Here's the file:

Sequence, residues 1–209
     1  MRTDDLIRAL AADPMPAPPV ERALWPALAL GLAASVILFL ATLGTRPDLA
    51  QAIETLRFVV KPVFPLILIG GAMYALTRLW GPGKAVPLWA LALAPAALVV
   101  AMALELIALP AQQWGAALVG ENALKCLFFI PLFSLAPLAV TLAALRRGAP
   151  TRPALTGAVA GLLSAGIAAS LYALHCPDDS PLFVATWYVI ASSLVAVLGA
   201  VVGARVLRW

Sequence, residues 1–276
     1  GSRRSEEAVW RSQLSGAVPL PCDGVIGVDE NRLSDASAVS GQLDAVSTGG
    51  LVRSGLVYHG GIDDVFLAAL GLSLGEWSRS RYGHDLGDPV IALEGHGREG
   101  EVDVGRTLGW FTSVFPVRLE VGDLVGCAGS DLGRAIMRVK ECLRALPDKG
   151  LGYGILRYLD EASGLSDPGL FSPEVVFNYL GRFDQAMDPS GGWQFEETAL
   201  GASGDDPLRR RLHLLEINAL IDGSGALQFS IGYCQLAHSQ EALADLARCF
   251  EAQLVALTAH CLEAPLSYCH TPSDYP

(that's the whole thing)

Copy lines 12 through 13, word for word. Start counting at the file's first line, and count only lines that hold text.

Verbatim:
   201  GASGDDPLRR RLHLLEINAL IDGSGALQFS IGYCQLAHSQ EALADLARCF
   251  EAQLVALTAH CLEAPLSYCH TPSDYP